You were wondering when I was going to get to this, weren’t you? I thought I’d build things up slowly, but there’s no doubt that the prize for the very worst of all the summer pains is thigh chafe. Oh my God. Your thighs sting like a thousand bees have crawled down your leggings and it looks like your inner thighs have been boiled. If you dare wear a dress without cycling shorts, anti-chafe cream or a reapplication of talcum powder every five minutes, you’re in big trouble. Fat skin rubbing up against fat skin can be so painful you’ll end up walking as though you’ve been riding a horse for the last three days. The site of the chafe often looks like it’s been through a nasty burn incident. It’s painful, and embarrassing and God it hurts. Look out for the new shorts/leggings and accessories designed to beat it. Don’t fight it. In a fight between woman and chafe, chafe will win every time.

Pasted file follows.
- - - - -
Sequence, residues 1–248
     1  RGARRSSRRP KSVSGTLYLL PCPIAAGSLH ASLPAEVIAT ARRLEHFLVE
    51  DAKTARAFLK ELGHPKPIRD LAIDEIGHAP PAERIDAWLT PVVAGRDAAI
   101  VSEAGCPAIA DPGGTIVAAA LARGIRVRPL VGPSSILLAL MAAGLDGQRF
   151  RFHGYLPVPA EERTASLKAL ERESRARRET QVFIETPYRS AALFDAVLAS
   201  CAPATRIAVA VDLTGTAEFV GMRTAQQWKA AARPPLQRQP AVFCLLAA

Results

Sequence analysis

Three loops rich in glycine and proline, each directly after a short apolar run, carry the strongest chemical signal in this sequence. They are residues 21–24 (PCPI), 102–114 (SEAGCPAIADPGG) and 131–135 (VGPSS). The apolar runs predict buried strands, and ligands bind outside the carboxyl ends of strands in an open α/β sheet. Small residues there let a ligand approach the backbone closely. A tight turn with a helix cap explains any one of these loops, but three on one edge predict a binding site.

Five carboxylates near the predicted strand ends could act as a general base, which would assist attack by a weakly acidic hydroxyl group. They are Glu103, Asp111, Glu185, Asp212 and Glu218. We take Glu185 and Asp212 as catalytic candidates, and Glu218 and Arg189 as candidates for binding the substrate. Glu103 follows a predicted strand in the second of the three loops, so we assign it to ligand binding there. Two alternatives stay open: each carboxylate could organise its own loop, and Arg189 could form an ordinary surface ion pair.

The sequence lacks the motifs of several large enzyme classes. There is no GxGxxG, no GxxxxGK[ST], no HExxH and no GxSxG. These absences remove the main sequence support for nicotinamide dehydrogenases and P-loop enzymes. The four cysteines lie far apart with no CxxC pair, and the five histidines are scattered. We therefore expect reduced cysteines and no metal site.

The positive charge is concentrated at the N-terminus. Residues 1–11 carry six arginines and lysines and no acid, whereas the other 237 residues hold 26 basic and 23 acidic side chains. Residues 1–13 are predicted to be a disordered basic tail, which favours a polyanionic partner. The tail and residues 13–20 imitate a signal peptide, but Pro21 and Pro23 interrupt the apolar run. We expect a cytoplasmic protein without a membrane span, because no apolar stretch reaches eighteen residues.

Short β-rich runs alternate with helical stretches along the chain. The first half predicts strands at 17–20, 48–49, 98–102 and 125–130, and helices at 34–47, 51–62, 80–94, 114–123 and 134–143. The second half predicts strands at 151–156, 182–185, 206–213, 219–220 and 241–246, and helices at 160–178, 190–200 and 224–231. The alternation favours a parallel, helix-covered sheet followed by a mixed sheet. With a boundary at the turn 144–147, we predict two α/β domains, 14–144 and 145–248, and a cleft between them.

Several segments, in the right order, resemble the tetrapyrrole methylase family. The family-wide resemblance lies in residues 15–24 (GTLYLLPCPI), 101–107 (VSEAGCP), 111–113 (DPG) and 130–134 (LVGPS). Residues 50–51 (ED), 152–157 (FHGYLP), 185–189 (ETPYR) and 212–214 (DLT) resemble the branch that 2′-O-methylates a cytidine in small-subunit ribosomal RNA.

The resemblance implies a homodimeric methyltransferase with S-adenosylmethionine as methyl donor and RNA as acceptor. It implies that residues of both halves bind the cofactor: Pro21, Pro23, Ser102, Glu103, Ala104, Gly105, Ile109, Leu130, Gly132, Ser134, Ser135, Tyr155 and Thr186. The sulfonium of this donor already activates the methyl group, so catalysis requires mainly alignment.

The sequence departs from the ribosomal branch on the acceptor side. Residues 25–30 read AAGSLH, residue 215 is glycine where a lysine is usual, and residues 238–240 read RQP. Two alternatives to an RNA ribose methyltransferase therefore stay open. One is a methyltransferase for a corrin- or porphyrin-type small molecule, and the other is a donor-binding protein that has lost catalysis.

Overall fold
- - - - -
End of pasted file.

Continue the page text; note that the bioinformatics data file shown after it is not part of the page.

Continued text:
We live in a society where it’s really not cool to be fat – it’s seen as lazy and indulgent and deliberate. Fat people are still ritually mocked in stand-up comedy (as mentioned) and across the internet in hurtful memes. It takes a lot of strength and guts to go out in summer as a fat person and wear what you want – to be unconcerned with showing the cellulite on your legs or arms, to show the stretch marks and fat rolls on your stomach when you dress in a crop top. But I think that’s the only way to be. To cover up effectively would involve no sunbathing, no swimming in the sea, no summer dresses, flip flops, sandals or swimming costumes. The only way to cope would be to hide away til winter, and that’s definitely not the right option to take.